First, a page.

“The poem both is and isn’t about individualism, and it both is and isn’t about rationalization. It isn’t a wolf in sheep’s clothing so much as a wolf that is somehow also a sheep, or a sheep that is also a wolf. It is a poem about the necessity of choosing that somehow, like its author, never makes a choice itself—that instead repeatedly returns us to the same enigmatic, leaf-shadowed crossroads.”

It brings me comfort to understand that many others including the esteemed Robert Frost, feel this way about decisions they have made in their lives.  This week I had the amazing experience of walking our newly cleared land that will be our vineyard and future home.  The land is exactly as I pictured it with a gentle slope running down towards the southwest and now that the leaves have fallen, a peek of the lake that is integral to growing grapes in this area.  It reminds me of the time, almost a decade ago now, that I lived here and had to make the decision to leave.  It was one of the hardest decisions of my life at the time.  The decision to come back was equally hard but for different reasons. I think it is natural to mentally relive decisions and try to imagine what would have happened if one had taken the other road.  For myself, I know if I had stayed in the Finger Lakes and not moved to California, I would not have been able to walk the land we have now.  I would not know what I know now.  Those years in California were essential to my growth as a winemaker and I don’t feel that I could have offered as much to the region now if I had stayed here.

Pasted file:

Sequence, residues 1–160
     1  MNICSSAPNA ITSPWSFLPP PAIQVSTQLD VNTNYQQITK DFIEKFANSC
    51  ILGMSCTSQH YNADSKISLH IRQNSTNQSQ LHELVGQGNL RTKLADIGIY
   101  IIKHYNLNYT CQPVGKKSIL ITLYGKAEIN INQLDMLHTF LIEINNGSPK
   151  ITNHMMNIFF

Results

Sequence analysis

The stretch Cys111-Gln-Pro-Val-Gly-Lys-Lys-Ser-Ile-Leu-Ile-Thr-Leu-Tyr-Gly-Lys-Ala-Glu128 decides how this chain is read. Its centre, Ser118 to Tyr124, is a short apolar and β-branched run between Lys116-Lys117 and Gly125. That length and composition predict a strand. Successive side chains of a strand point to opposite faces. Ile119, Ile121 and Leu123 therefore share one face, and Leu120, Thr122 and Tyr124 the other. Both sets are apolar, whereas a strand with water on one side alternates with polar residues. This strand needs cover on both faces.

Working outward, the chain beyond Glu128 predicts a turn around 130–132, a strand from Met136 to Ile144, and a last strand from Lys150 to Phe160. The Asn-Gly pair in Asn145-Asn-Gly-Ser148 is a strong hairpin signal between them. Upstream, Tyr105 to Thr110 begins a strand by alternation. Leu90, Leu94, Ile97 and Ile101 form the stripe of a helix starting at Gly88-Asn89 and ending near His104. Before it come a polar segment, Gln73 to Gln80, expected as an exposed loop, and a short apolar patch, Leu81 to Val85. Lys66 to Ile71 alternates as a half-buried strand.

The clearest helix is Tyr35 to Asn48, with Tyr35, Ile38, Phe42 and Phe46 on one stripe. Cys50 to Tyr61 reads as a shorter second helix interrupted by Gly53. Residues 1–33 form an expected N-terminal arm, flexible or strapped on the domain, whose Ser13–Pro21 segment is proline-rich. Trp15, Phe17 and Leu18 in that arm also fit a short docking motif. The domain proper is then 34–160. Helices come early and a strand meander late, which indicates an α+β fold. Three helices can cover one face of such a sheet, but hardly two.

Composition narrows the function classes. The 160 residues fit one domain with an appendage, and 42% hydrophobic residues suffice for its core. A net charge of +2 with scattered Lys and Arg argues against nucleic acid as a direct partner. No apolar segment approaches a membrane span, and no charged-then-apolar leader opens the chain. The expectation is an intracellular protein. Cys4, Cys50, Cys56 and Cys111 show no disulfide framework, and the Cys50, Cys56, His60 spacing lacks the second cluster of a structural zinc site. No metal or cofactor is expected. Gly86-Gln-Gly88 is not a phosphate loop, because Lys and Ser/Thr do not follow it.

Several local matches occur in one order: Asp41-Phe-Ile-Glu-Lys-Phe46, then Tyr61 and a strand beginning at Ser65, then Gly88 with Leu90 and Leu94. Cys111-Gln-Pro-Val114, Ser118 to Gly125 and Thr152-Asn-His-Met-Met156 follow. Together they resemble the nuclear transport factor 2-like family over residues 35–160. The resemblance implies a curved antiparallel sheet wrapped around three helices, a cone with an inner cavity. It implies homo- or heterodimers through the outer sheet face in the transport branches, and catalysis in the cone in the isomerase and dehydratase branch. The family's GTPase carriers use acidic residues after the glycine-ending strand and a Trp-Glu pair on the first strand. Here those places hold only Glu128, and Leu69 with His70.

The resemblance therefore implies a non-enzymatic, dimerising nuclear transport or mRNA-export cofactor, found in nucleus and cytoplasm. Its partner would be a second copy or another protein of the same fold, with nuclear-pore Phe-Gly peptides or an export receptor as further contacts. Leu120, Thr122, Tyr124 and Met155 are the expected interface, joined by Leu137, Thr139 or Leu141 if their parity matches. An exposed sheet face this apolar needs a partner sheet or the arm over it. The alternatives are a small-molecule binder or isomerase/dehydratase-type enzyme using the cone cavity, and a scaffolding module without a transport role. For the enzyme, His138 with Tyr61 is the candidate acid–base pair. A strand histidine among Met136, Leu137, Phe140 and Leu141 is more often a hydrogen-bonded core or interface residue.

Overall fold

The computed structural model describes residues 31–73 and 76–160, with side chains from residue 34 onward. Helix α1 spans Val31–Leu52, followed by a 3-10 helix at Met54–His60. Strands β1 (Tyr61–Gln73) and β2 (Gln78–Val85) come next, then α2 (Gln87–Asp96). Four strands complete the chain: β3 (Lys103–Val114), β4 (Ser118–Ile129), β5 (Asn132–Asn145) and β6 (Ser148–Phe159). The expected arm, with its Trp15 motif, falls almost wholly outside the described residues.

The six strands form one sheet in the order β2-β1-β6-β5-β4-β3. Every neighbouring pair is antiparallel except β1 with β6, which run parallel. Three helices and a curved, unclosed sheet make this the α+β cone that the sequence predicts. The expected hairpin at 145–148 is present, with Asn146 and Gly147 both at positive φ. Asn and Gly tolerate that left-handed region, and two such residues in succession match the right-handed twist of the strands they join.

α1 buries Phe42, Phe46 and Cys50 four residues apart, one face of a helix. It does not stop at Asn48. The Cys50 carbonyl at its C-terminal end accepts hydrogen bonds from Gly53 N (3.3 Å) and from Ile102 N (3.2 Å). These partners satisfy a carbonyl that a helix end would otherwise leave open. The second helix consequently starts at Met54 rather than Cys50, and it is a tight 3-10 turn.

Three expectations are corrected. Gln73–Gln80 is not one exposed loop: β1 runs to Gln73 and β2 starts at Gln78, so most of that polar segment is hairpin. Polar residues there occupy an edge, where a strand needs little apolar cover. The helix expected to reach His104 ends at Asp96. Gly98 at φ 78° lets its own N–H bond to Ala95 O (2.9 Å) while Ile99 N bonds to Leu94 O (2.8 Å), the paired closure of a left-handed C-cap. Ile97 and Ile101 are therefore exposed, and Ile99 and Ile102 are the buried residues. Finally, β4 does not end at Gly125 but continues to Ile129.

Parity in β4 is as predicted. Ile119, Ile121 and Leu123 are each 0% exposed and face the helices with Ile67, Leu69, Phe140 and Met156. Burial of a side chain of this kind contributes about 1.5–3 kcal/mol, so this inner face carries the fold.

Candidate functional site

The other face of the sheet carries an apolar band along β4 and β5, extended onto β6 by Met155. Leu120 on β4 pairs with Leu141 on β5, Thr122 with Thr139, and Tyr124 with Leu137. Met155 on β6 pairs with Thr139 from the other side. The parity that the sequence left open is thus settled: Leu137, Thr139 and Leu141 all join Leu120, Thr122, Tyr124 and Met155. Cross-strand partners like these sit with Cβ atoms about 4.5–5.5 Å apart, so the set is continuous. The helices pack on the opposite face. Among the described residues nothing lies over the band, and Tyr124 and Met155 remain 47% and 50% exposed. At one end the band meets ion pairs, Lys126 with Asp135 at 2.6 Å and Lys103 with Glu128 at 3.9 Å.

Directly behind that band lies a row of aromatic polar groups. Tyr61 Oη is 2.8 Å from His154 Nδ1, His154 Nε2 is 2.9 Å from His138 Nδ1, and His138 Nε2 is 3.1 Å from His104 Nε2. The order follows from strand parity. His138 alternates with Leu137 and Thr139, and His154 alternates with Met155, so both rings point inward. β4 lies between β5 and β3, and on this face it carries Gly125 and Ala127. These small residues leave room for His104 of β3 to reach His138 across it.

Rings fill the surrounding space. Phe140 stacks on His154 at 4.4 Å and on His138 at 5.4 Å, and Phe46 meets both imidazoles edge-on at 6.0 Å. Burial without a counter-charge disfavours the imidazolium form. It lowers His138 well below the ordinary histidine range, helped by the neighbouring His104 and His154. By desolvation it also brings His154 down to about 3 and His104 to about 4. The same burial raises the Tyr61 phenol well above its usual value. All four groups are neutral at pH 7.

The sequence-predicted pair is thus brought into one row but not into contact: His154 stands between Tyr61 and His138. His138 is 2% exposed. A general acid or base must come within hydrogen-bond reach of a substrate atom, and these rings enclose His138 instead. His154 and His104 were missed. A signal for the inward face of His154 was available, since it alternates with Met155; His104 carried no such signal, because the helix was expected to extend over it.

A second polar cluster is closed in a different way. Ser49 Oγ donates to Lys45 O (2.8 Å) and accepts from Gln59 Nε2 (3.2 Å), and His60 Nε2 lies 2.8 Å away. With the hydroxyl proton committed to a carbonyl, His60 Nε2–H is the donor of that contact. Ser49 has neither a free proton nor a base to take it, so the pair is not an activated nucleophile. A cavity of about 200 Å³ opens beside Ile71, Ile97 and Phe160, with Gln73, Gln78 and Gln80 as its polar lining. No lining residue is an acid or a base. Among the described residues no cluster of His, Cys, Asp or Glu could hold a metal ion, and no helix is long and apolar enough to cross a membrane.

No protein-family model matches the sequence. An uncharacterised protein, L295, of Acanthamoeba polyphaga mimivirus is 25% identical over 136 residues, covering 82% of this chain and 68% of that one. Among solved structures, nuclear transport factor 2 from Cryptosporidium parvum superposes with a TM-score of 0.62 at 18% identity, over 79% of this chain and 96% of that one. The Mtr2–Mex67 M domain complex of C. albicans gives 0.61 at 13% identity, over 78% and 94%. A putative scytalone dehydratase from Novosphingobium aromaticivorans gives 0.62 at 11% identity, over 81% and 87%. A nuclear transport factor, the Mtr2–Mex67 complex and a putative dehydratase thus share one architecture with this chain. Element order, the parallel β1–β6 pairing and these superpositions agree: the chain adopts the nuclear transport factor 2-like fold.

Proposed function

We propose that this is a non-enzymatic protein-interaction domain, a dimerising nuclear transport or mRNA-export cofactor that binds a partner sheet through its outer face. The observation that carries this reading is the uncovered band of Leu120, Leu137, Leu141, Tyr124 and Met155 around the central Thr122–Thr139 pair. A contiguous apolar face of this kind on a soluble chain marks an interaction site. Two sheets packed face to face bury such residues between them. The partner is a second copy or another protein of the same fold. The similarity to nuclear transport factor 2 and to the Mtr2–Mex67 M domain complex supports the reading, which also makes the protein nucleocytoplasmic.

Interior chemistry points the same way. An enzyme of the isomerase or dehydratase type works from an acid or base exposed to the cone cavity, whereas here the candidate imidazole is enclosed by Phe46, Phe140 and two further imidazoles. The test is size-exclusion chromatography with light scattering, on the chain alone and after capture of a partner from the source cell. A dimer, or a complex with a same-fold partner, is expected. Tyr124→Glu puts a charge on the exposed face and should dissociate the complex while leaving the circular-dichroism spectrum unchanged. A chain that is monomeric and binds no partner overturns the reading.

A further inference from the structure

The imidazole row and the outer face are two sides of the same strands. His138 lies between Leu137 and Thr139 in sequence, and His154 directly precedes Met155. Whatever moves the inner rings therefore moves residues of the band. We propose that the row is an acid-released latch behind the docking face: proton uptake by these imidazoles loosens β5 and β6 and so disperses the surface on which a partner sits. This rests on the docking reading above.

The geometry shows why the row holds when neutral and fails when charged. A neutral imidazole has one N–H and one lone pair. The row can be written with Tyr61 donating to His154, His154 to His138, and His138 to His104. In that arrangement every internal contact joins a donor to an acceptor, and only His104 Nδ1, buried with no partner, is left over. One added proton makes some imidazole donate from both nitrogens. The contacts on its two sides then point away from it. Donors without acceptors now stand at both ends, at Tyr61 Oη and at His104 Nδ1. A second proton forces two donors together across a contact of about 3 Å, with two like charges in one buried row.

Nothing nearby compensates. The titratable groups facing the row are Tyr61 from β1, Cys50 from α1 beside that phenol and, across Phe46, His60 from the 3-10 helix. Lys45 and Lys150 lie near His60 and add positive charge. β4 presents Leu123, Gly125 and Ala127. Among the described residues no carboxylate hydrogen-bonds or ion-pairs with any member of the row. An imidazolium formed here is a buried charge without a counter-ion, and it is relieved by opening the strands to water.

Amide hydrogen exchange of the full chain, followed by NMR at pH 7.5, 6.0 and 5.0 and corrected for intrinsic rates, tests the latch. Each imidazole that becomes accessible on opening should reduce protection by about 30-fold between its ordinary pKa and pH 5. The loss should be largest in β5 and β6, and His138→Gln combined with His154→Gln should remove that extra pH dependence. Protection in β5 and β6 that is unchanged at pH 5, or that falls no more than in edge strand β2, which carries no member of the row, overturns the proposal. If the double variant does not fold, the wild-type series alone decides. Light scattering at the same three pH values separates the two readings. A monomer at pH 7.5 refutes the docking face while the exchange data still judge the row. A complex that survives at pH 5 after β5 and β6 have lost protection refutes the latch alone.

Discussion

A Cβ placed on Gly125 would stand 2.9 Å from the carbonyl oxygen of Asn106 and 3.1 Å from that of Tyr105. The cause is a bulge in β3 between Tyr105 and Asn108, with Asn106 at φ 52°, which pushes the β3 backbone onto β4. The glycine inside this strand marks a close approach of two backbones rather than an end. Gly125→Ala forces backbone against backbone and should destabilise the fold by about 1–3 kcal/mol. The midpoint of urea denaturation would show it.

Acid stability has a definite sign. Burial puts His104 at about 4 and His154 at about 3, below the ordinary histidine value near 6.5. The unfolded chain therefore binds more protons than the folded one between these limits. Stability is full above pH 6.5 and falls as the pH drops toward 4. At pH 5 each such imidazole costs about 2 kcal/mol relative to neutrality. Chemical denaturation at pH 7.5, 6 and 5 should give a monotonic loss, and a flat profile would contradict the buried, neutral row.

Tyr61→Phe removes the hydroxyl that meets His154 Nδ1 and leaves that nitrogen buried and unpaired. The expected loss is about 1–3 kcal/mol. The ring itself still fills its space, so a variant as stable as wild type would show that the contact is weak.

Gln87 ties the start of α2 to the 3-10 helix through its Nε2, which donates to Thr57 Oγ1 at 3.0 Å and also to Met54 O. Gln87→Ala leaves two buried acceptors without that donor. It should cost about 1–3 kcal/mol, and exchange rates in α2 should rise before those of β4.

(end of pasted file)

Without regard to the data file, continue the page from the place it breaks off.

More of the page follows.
I know if I had stayed in the Finger Lakes and not moved to California, I would not have been able to walk the land we have now.  I would not know what I know now.